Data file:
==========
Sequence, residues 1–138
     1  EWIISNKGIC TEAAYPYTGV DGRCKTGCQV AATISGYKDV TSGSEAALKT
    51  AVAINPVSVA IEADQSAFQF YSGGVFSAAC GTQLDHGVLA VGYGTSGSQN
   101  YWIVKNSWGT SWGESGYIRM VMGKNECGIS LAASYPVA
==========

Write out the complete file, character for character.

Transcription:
Sequence, residues 1–138
     1  EWIISNKGIC TEAAYPYTGV DGRCKTGCQV AATISGYKDV TSGSEAALKT
    51  AVAINPVSVA IEADQSAFQF YSGGVFSAAC GTQLDHGVLA VGYGTSGSQN
   101  YWIVKNSWGT SWGESGYIRM VMGKNECGIS LAASYPVA